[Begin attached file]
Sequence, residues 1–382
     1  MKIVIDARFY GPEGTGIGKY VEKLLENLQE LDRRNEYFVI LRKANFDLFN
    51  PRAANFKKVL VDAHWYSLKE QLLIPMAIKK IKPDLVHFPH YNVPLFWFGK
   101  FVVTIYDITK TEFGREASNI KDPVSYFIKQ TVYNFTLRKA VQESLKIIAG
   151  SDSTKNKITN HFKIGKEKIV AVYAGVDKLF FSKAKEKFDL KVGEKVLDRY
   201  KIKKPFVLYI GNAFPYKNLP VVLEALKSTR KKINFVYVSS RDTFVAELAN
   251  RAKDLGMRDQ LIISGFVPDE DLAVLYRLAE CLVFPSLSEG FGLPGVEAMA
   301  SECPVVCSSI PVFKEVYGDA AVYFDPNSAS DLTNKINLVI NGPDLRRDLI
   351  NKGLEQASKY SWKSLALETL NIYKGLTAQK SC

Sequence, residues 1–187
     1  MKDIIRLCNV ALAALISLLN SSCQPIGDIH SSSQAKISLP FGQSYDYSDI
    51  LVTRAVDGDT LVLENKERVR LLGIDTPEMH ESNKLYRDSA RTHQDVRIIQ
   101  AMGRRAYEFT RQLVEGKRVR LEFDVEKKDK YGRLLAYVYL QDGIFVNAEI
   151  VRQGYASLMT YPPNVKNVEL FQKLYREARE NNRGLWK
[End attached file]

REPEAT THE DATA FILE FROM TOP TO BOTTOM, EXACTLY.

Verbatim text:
Sequence, residues 1–382
     1  MKIVIDARFY GPEGTGIGKY VEKLLENLQE LDRRNEYFVI LRKANFDLFN
    51  PRAANFKKVL VDAHWYSLKE QLLIPMAIKK IKPDLVHFPH YNVPLFWFGK
   101  FVVTIYDITK TEFGREASNI KDPVSYFIKQ TVYNFTLRKA VQESLKIIAG
   151  SDSTKNKITN HFKIGKEKIV AVYAGVDKLF FSKAKEKFDL KVGEKVLDRY
   201  KIKKPFVLYI GNAFPYKNLP VVLEALKSTR KKINFVYVSS RDTFVAELAN
   251  RAKDLGMRDQ LIISGFVPDE DLAVLYRLAE CLVFPSLSEG FGLPGVEAMA
   301  SECPVVCSSI PVFKEVYGDA AVYFDPNSAS DLTNKINLVI NGPDLRRDLI
   351  NKGLEQASKY SWKSLALETL NIYKGLTAQK SC

Sequence, residues 1–187
     1  MKDIIRLCNV ALAALISLLN SSCQPIGDIH SSSQAKISLP FGQSYDYSDI
    51  LVTRAVDGDT LVLENKERVR LLGIDTPEMH ESNKLYRDSA RTHQDVRIIQ
   101  AMGRRAYEFT RQLVEGKRVR LEFDVEKKDK YGRLLAYVYL QDGIFVNAEI
   151  VRQGYASLMT YPPNVKNVEL FQKLYREARE NNRGLWK